Atheists Who Kneel and Pray by Tarryn Fisher

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First, I am in love with that book cover. It is so beautiful that I had my eyes stuck to the book even before I saw the name Tarryn Fisher on it.

Tarryn Fisher and her best friend Colleen Hoover are authors who have a massive following among book lovers. I am one of those avid Tarryn followers as well. I read every book that she writes as soon as it comes out. However, with this book, one of the most striking things is its cover.

Atheists Who Kneel and Pray by Tarryn Fisher
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Then, the second most exciting thing is the title which hooks you in. My first thought after seeing this book on Goodreads was “There’s another Tarryn Fisher book out there, and I don’t know about it? How is that possible?” I knew I had to read it as soon as I could.

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All Hype, No Fun

I have to say I was pretty disappointed after reading the book. This is the normal Tarryn Fisher romance that I have read, and that is not a compliment. Tarryn doesn’t do “normal”. Also, her romance novels are usually over the top insane and intense. With that striking cover and the absurd name, I had huge expectations, but unfortunately, the book didn’t live up to the hype.

Even the back cover of the book suggests an angsty kind of romance with some crazy elements mixed in. However, when you read the book, it is just a typical love story between two creative individuals — well, original in different ways.

Characters and their Issues

Yes, Yara the main character, had her fair share of issues, but it wasn’t enough craziness for a unique style. She runs away from her problems, and while that is messed up, it is not quite poetic. Usually, the characters written by Tarryn Fisher are over-the-top crazy or messed up attractively. Yara lacked that and was just like a normal girl with some quirks.

Also, David’s character was such a cliché. I could not find one unique thing in him. He is like the copy of a typical artist that is portrayed in the same manner everywhere. He has messy hair, chooses art over relationships, is looking for a muse and is a hopeless romantic.

The worst part is that even the side characters weren’t exciting or memorable.

Writer or Ghostwriter?

I found the writing style lacking the usual charm. Is everyone sure a ghostwriter didn’t write the book? Because it feels that way. Perhaps reading so many books by one author puts them on a pedestal and any of their usually good book after having read their fantastic fiction disappoints you.

Because Tarryn Fisher’s books at least have a dozen beautiful lines that you can quote all the time. The dialogues are intense, and it shapes up the characters way better than the prose does. However, in this book, I found the writing to be quite dull. I couldn’t string up one sentence from it that I would remember to quote.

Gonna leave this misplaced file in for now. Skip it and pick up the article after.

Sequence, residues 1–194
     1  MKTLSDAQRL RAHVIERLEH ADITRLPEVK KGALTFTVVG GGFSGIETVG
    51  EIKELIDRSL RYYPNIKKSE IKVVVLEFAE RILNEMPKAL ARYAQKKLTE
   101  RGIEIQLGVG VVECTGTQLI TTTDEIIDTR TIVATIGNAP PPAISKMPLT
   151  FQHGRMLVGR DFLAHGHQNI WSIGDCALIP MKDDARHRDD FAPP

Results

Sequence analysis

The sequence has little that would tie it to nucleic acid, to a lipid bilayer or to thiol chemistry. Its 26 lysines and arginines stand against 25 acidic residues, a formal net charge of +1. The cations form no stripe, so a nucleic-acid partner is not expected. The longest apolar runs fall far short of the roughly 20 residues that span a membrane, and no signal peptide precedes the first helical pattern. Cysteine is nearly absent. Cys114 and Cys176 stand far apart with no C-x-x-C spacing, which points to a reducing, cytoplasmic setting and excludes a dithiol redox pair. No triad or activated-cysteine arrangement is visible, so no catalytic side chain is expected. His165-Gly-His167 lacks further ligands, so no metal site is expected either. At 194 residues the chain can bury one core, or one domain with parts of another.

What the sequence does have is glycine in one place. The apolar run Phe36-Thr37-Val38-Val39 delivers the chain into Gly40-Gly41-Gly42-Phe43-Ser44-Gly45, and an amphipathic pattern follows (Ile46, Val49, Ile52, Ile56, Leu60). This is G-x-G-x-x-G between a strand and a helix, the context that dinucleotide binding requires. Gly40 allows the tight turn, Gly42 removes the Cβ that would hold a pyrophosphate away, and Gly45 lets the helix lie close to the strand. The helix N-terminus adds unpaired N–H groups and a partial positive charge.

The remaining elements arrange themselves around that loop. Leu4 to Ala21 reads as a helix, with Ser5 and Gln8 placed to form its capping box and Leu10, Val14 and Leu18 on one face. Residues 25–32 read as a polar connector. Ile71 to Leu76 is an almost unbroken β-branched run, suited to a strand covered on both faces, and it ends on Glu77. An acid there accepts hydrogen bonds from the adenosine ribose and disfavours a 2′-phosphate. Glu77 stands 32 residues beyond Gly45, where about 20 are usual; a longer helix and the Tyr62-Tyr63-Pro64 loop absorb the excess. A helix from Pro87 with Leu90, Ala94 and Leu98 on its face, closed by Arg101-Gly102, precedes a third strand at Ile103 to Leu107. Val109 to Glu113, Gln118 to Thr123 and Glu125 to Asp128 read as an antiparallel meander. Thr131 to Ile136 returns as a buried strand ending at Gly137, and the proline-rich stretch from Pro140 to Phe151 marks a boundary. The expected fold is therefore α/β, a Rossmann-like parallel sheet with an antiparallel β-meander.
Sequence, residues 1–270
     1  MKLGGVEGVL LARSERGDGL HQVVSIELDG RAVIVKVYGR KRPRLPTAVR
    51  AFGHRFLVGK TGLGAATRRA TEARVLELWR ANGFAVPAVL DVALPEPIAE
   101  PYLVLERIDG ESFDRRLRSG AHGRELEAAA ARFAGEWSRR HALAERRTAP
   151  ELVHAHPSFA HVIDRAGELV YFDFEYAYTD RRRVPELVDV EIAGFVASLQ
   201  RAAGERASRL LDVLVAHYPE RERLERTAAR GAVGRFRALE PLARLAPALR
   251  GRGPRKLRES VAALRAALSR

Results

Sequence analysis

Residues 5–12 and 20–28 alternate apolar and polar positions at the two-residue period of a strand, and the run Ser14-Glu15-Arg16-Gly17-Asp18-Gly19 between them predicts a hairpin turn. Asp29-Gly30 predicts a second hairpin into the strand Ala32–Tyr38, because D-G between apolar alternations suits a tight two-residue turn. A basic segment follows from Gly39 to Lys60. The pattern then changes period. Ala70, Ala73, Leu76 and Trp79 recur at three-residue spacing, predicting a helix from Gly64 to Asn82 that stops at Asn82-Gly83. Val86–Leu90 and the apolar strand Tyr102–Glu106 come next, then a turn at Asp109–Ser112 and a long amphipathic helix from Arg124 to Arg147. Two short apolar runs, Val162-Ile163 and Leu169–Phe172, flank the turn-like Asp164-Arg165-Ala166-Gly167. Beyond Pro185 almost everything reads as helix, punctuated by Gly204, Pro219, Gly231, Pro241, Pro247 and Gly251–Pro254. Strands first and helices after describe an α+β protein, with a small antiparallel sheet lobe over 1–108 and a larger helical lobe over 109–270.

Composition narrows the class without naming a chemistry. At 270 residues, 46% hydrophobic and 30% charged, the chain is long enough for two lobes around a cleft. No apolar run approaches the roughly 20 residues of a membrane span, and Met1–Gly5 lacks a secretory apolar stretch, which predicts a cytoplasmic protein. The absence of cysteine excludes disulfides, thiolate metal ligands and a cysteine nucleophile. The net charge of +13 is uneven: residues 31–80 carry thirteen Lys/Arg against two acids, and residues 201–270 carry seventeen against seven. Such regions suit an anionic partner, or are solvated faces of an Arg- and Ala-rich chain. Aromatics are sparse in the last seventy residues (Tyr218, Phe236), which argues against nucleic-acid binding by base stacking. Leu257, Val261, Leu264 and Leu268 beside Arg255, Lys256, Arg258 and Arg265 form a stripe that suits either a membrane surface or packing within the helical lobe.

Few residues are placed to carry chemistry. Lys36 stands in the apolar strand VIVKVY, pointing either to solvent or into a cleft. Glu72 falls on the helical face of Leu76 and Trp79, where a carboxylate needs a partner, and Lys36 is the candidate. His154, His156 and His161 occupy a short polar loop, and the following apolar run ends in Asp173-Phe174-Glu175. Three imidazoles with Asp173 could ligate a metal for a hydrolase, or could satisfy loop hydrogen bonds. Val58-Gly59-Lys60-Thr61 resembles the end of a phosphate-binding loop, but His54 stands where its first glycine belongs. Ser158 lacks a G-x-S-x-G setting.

What Keeps the Book Exciting

I love the concept of artists thrown in the mix.

“The most twisted thing about being an artist comes when you understand you’re creating for one specific person. The painful part is realizing who that person is, and the overwhelming part is knowing the compulsion will never go away.”

Artists and heartbreak make an awesome art.

All they need is a muse to break their heart. Someone they are in love with. I know that this is the biggest cliché in the entertainment industry, but that doesn’t make it any less fun to read about. With the kind of art on the book cover, I was expecting illustrations in the book or with David being a singer/songwriter, and I wanted amazing lyrics of a song written in the book. Unfortunately, I didn’t find that. I did like the overall premise though, and this book held much promise. However, I think the author rushed with writing this.

What’s in the Plot?

Enter Yara, the wandering muse with a terrible English accent. Who could not love her? So David fell for her, and it was fun for both of them for a while. It was fun for me, too, because as a romance reader, I like when things are going all happy and beautiful. Then things go wrong. They fall apart; he creates incredible art, and she goes on living her life. All very predictable.

The Dull Side of the Book

There were no plot twists, not based on what I’ve read. It was all very dull and bland. This was the softest romance book Tarryn had written, and by that, I mean least edgier. I was not fond of that at all.

I did not like the all-artists-wanted-Yara-to-be-their-muse part. That is not how it works. Every artist functions, and if artists are falling at their knees in front of Yara, then that doesn’t necessarily mean that she is a muse. She is a fantastic badass bartender. It is expected.

Some of the romantic quotes in the book are so cheesy while some are just downright absurd.

“What’s the point in making yourself look like you’re not hurt, you know? We spend so much time pretending nothing can touch us that men have started to believe it.”

“Most people move through life looking for some elusive soulmate experience. I am trying my hardest to avoid it. Does that make me fucked up or wise? Who knows, who cares?”

Another thing is the slow pace of the story and then the ending seems rushed. In the first few chapters, there is just talk and no action, and in the end, there is only action and no speech.

The only thing I do like about this book is how it looks and the title. So people are right when they say, don’t judge a book by its pretty cover.

About the Author

Pallavi Sareen is an avid reader, a harsh critic, bibliophile, and a dreamer. Accustomed to telling stories, she spends her time amidst the pages of either a book or her diary.

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